Thank YOU for supporting our first 100 years in banking.

Apr 22, 2017

A population of 300,000, a Stanley Cup victory, the opening of the infamous Locks, and the establishment of airline empire Boeing – recognize this place? It’s the Emerald City of yester year, today’s up-and-coming (or arguably already arrived?) tech city looked a little different in 1917. 

Brothers in Ballard

It all started with the Kean brothers in Ballard, at the time Seattle’s recently annexed, sleepy fishing neighborhood. Back then there were no plaid shirts or brunch hot spots to be found. Instead, there were two locals who wanted to better the community by offering safe, steady, and sound loans so that their neighbors could achieve that American dream – owning their own home. 

With the Kean’s initial investment, the bank, then called Ballard Savings and Loan Association, started making small, measured loans to the community; we refer to it as a “common sense” approach to banking.

How’d it work? Deposits were taken from local businesses and residents, and then turned around and lent out in the form of loans to help businesses grow and residents buy homes. Pretty straightforward, AND it’s still the way we do business today – there’s no middleman, no Wall Street bank or insurance firm that our loans are sold to. The money stays right here, in our local communities.

“Who would have thought that Kean brothers’ enterprise would grow to 240 offices in eight Western states, $15 billion in assets under management and one of the strongest financial institutions in America?” Roy Whitehead, Executive Chairman of the Board Washington Federal.

Maintaining a Bank's Soul

Today, “recession” tends to conger up images of uninhabited developments in the Southwest, the bailing out of Wall Street banks, and streets littered with foreclosure signs. In the 1920s and 1930s, it meant something even more serious. Entire banks were collapsing, taking down millions of Americans’ deposits, homes and financial futures with them. But unlike other financial institutions, our common sense, long-term approach to business paid off and weathered the storm – just like it would over 80 years later during the 2008 recession. 

Throughout the Great Recession, the bank believed in the commitment to serve the community and do what was right by our neighbors. Then-Chairman Harold Kean received a letter from one depression-era homeowner.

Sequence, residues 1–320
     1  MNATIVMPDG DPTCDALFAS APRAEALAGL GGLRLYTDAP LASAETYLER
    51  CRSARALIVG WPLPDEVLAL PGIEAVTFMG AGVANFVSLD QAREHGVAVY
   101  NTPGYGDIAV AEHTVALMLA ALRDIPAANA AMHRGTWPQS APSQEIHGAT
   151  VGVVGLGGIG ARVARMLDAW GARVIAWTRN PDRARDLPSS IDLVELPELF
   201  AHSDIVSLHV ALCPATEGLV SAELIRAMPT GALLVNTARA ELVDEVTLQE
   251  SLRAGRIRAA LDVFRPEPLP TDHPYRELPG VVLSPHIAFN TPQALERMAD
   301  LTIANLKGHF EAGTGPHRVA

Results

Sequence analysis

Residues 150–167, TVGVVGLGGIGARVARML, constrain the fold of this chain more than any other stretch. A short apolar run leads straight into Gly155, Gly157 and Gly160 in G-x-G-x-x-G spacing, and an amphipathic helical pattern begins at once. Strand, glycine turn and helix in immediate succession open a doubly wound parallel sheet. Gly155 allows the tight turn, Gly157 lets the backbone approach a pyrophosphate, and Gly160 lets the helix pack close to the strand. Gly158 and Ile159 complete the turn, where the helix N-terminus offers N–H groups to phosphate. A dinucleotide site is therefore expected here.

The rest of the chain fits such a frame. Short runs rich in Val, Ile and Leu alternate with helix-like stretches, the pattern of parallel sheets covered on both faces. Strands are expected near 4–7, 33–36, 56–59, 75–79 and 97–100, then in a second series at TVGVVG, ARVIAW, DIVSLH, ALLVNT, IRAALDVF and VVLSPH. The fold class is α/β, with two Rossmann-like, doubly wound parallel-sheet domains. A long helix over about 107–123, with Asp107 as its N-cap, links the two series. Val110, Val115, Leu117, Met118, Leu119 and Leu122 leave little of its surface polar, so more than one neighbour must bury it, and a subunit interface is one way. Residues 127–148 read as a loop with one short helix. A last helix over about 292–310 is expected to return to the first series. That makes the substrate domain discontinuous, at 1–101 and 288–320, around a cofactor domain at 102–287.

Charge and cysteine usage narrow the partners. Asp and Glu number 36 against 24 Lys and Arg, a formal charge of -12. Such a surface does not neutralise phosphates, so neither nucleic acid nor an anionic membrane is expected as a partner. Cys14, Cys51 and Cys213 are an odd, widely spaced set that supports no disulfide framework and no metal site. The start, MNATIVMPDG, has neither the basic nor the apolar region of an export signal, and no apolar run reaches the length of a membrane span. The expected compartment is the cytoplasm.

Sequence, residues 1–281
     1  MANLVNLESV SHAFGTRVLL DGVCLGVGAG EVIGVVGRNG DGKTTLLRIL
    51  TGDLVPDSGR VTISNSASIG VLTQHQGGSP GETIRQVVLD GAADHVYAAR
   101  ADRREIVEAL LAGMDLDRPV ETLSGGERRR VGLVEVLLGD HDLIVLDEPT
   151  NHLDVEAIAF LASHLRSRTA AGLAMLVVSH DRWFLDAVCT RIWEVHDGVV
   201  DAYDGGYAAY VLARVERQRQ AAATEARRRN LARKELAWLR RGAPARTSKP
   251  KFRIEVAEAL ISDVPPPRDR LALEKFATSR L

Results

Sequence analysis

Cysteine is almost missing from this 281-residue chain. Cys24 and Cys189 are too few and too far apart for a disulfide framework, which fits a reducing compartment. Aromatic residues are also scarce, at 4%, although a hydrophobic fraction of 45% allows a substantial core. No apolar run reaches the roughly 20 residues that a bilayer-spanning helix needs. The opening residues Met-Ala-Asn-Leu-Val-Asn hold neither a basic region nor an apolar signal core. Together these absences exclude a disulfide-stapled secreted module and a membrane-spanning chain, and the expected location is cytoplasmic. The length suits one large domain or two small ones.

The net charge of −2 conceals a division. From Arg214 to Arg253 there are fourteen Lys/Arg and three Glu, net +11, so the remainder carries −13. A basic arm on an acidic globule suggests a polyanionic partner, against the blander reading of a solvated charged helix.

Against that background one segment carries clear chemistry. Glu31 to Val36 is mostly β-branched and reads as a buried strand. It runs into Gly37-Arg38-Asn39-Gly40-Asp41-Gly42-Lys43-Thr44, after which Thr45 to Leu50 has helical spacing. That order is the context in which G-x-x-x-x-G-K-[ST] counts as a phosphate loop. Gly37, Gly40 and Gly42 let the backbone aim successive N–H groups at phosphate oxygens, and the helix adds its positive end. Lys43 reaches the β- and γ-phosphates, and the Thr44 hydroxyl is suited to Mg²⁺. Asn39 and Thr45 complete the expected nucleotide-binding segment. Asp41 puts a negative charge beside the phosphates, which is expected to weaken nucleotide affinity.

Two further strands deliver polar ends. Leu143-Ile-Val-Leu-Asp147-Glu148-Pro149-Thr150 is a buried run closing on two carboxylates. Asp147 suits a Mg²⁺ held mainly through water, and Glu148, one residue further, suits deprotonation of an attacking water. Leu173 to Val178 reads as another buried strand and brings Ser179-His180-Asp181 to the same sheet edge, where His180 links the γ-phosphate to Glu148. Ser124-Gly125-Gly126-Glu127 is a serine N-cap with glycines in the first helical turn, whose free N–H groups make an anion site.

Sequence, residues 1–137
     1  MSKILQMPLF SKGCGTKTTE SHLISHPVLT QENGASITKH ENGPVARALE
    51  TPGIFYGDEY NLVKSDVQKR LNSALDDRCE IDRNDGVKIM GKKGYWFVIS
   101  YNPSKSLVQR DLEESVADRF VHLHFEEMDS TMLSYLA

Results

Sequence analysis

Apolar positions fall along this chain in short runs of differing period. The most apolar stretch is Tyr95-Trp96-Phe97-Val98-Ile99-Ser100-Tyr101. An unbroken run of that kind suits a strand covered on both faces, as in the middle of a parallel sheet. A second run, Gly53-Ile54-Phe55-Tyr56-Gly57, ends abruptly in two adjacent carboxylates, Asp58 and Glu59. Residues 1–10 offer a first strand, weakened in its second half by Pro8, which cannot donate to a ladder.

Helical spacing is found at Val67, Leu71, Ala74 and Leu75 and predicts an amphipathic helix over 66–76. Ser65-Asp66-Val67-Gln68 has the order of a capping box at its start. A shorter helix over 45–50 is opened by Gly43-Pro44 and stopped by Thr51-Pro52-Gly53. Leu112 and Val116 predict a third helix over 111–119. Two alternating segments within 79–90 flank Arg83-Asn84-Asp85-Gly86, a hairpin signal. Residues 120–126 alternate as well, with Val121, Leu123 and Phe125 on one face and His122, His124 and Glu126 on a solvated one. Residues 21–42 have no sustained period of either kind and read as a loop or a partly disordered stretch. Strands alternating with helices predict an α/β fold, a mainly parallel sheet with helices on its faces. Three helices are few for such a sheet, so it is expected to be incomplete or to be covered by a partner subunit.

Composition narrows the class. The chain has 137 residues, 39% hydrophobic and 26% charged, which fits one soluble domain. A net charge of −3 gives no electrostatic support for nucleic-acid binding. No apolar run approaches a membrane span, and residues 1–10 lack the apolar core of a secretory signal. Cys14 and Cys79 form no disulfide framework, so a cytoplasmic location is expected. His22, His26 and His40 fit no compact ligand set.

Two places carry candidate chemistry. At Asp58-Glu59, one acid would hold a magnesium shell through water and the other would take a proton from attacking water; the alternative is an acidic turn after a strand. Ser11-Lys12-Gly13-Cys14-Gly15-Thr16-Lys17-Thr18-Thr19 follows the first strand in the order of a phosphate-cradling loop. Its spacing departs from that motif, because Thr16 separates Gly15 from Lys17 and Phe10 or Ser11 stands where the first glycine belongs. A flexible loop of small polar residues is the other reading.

“I am attaching my final payment on my mortgage with correspondence. I can’t relate how appreciative I am for your bank’s helpful and fulsome service.

Through the years you and your staff have always seemed a sympathetic group of folks. I especially want to reference the treatment and compassion you showed my family during the Great Depression.

While other banks had lost their souls to greed and fear, your bank decided to help me and what I can only assume countless other families. We were able to stay in our home and our family might have, quite literally, been saved from perdition. This most generous of acts still warms my heart when I think of it,” One 1920s Homeowner. 

Meeting Today's Financial Challenges

The same values that prompted Kean to cherish the letter still hold true today. In 2008, we established the Mortgage Resource Center, established to help those that had fallen on temporarily difficult times during the recession. As a result of the program, we were able to modify the mortgage terms and help over 3,000 families stay in their homes.

As our President and CEO Brent Beardall stated, “We know people want to pay off their loans. They want to live up to their obligations. We believe you just need to give them the wherewithal to be able to do that.”

We’re honored and grateful to be celebrating our first 100 years in banking. But we know it doesn’t stop there. In a changing economy and a growing digital age, we’re excited to partner with the next generation of homeowners, small business owners, commercial real estate developers, and community leaders to provide the tools that help local businesses grow, families move into homes and nonprofits continue to serve those in need.

How can we help you achieve your dreams? Big or small, we’re here to partner for the journey – it’s what we’ve been doing for the past 100 years.